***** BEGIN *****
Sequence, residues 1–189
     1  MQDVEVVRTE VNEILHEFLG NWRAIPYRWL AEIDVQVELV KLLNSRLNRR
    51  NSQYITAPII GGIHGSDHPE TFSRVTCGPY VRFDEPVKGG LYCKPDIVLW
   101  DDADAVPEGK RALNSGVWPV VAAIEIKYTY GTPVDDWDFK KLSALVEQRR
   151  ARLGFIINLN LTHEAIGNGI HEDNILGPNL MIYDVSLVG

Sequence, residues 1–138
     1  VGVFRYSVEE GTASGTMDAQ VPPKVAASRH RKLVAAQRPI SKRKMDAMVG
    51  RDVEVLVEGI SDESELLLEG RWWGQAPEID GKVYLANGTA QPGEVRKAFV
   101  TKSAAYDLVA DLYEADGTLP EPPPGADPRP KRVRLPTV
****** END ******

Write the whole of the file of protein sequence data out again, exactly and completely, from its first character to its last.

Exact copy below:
Sequence, residues 1–189
     1  MQDVEVVRTE VNEILHEFLG NWRAIPYRWL AEIDVQVELV KLLNSRLNRR
    51  NSQYITAPII GGIHGSDHPE TFSRVTCGPY VRFDEPVKGG LYCKPDIVLW
   101  DDADAVPEGK RALNSGVWPV VAAIEIKYTY GTPVDDWDFK KLSALVEQRR
   151  ARLGFIINLN LTHEAIGNGI HEDNILGPNL MIYDVSLVG

Sequence, residues 1–138
     1  VGVFRYSVEE GTASGTMDAQ VPPKVAASRH RKLVAAQRPI SKRKMDAMVG
    51  RDVEVLVEGI SDESELLLEG RWWGQAPEID GKVYLANGTA QPGEVRKAFV
   101  TKSAAYDLVA DLYEADGTLP EPPPGADPRP KRVRLPTV